>"Of course, if Jews were producing and using biblical codices in the late 2nd and into the 3rd centuries, the argument/assumption that "if it's a codex, it's Christian" is seriously jeapordized, and the unasked question of when Jews began to use codices becomes even more relevant. "  (From "Early Jewish and Christian Artefacts")

          >As far as mss in Hebrew are concerned, I have read that "The earliest written evidence of the appearance of the codex among the Jews comes from the eighth century, but most likely it was in use some time before that."  Also that ". According to the Halakha (Jewish religious law), a Bible in codex form is not acceptable for public reading in the synagogue. For that purpose scrolls continued to be used, and it was forbidden to add vocalization and cantillation marks to them." (www.aleppocodex.org)

          >My questions are as follows:

          >1.  Has research conducted either by yourself or by others since you published the paper cited above raised and attempted to answer what you described then as "the unasked question of when Jews began to use codices...?"  If so, could you please point me to where I can locate the results of such research.To my knowledge, the most recent relevant publication would be Roger Bagnall's Early Christian Books in Egypt (Princeton U. 2009), especially p.80: "there is, as Kraft admits, not a shred of evidence that the use of the codex came from Judaism, for the simple reason that the surviving fragments of possible Jewish codices come from a period no earlier than the period (late second century) from which also come most of our early Christian codex fragments." At least, Bagnall leaves open the possibility of Jewish origin and/or influence.


          2. If, as you seem to suggest, Jews and "Christians" (using this latter term anachronistically) began using the codex form simultaneously; and if "Christians" might even have adoped the practice from the Jews, what might have been the motivation/s for the Jewish innovation?
          >
          Bagnall sees the codex as part of "Romanization" in the period (our earliest evidence for codices comes from Martial in Rome, and the use of notebook codices in Roman contexts seems widespread), which could apply to Jews as well as the Jesus groups. Unfortunately, we know too little about Judaism(s) in Rome in the relevant period. I currently think that the (widespread) use of codex notebooks (waxed wood pages, etc.) is most likely to have led to flexible paged codices both in Rome and elsewhere. Such an innovation could have caught fire in various contexts, including booksellers (as in Martial) and "education" (see Raffaella Cribiore, Gymnastics of the Mind [Princeton U., 2001]), in Rome and elsewhere in the Graeco-Roman worlds. But "smoking gun" evidence is still not available. IT is also noteworthy that codices seem to have been used fairly early in legal materials and in astronomy-astrology-"religion" circles, apart from Judaism or Christianity. More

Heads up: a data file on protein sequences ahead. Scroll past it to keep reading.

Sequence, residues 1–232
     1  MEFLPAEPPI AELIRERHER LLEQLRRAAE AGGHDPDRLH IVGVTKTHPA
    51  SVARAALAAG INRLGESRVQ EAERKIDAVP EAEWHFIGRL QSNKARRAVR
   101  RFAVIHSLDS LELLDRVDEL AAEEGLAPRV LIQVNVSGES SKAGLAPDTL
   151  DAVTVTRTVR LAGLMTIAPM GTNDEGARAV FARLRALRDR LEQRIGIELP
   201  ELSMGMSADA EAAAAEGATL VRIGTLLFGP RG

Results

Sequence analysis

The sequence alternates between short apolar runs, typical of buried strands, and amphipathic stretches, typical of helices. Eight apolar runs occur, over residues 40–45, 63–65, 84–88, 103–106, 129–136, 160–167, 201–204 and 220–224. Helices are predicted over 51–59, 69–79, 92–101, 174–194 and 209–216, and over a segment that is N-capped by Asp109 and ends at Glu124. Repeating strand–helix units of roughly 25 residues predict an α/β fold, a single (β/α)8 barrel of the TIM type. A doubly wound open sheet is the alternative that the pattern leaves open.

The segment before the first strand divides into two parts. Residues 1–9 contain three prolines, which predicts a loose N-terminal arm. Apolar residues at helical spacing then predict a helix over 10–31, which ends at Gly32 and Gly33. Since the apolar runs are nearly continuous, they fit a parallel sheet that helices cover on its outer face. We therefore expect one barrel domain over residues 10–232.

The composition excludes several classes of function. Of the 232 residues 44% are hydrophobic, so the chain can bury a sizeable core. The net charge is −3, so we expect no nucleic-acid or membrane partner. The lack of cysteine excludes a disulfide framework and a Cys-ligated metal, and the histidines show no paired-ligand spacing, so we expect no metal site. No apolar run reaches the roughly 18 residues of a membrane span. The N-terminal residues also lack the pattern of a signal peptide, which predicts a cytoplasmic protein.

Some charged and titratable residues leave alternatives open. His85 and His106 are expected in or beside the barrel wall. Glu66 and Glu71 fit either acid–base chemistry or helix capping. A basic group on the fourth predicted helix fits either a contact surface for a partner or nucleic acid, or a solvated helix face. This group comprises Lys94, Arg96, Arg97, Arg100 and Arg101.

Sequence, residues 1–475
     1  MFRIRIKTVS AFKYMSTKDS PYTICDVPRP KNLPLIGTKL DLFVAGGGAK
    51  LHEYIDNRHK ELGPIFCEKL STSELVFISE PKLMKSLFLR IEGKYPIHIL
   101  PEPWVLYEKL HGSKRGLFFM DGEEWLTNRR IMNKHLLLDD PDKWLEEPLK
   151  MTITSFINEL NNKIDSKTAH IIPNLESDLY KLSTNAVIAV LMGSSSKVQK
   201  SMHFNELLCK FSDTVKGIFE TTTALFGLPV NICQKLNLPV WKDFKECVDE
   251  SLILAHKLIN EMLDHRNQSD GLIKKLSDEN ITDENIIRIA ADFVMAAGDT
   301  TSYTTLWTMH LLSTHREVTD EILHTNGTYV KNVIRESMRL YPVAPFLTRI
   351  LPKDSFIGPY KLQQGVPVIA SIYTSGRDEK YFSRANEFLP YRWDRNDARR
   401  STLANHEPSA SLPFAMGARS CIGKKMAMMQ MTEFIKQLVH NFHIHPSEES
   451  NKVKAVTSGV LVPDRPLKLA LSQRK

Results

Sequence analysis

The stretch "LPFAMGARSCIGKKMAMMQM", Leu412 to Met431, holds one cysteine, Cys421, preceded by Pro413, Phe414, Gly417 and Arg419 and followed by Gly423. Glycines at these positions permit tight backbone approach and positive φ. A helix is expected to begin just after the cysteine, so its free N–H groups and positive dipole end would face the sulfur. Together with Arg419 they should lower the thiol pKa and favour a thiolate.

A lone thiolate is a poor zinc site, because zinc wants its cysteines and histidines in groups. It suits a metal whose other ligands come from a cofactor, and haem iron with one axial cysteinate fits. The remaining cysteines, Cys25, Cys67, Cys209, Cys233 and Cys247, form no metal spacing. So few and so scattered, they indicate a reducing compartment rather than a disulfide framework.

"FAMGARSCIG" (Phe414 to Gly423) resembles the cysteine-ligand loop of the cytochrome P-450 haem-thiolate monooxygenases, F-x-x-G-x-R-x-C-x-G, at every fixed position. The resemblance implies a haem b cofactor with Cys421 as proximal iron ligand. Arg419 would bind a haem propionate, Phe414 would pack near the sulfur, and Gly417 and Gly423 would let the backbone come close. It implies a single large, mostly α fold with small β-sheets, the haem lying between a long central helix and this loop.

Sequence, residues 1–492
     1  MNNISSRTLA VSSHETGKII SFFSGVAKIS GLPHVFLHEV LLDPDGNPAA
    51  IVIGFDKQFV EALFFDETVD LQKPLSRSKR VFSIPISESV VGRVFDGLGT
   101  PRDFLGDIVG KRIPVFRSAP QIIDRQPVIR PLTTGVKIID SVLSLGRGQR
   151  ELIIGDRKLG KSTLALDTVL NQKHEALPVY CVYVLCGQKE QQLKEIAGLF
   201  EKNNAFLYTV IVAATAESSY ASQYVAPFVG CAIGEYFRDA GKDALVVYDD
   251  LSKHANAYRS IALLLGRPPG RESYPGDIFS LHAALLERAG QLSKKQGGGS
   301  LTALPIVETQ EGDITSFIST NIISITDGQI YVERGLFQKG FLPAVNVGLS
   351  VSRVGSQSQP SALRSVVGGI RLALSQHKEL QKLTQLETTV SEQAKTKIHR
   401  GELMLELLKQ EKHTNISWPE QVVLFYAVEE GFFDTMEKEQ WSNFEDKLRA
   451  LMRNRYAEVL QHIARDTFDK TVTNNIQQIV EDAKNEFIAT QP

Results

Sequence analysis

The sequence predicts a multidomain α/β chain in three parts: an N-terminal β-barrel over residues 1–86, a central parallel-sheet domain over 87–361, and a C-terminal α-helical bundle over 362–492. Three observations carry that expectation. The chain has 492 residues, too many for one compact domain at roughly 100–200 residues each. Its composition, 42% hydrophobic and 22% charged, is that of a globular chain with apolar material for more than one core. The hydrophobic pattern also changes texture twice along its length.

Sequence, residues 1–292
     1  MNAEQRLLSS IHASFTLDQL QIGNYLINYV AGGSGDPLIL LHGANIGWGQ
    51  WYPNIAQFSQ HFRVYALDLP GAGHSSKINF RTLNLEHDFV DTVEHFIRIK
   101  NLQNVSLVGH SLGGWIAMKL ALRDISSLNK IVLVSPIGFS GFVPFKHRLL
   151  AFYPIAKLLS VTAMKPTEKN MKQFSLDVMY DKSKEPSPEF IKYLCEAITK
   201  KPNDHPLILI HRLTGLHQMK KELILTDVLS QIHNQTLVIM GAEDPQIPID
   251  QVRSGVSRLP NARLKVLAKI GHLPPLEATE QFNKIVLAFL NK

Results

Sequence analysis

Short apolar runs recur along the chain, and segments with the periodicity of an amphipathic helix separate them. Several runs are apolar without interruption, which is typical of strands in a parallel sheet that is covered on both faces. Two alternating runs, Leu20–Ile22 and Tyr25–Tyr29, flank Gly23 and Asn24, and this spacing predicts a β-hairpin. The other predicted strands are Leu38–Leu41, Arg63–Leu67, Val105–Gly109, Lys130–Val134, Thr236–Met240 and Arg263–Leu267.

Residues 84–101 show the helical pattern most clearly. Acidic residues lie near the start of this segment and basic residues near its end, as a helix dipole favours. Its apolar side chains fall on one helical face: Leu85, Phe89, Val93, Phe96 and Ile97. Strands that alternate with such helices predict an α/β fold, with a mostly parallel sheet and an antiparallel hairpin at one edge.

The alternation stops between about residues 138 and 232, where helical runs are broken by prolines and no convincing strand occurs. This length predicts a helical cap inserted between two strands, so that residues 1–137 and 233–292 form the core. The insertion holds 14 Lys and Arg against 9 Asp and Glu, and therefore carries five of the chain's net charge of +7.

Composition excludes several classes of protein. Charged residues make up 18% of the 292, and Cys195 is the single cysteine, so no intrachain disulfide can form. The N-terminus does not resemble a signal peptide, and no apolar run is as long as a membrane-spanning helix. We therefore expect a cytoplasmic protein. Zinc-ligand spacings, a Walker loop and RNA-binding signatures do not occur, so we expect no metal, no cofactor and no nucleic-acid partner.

precise work needs to be done in researching such areas.


          3.  I have also read somewhere that there is evidence that in some parts of the diaspora the LXX of the Torah was read in the synagogues.  If that is indeed so (I have never been able to locate published evidence for this), might one assume that as with the Hebrew mss. after the eighth century, use of the Scriptures in codex form would have been prohibited in the context of synagogue worship?
          One argument for "official" and/or "liturgical" use of LXX/OG materials in Judaism comes from the impression that the Rylands Deut fragments (see also the Fuad materials) come from a professionally produced scroll likely to have been other than a private copy. Of course, we know so little about "libraries," whether private (e.g. at Pompei) or institutionally connected (as with synagogues or other "public" settings), that to jump from a "luxurious" scroll to synagogue "liturgy" (as different, perhaps, from synagogue based "educational" functions) is quite a leap. Where were similarly professionally produced copies of Homer (etc.) used or kept? But later, when Justinian issued his "Novella" dealing with Jewish use of Greek scriptures, it seems clear that his advisors assumed that Jews were using Greek scriptures in their worship. After the 8th century we have little evidence for Jewish use of Greek -- see now the work of Nicholas DeLange on the subject.
          And when Jewish codices in Hebrew began to be used, was it only in "educational" and/or private settings? The Rabbinic "prohibition" concerning scroll/format has perhaps been given too much influence in assessing the evidence (e.g. from the Cairo Genizah; see also Lieberman's old excursus that I cite somewhere in my online collection).
           

           
          >As before, I should be very grateful for your assistance (as indeed that of anyone in the LXX group) in responding to these questions.

          >With thanks for your attention and with every good wish.

          >Everard Johnston.

          [Non-text portions of this message have been removed]
        Your message has been successfully submitted and would be delivered to recipients shortly.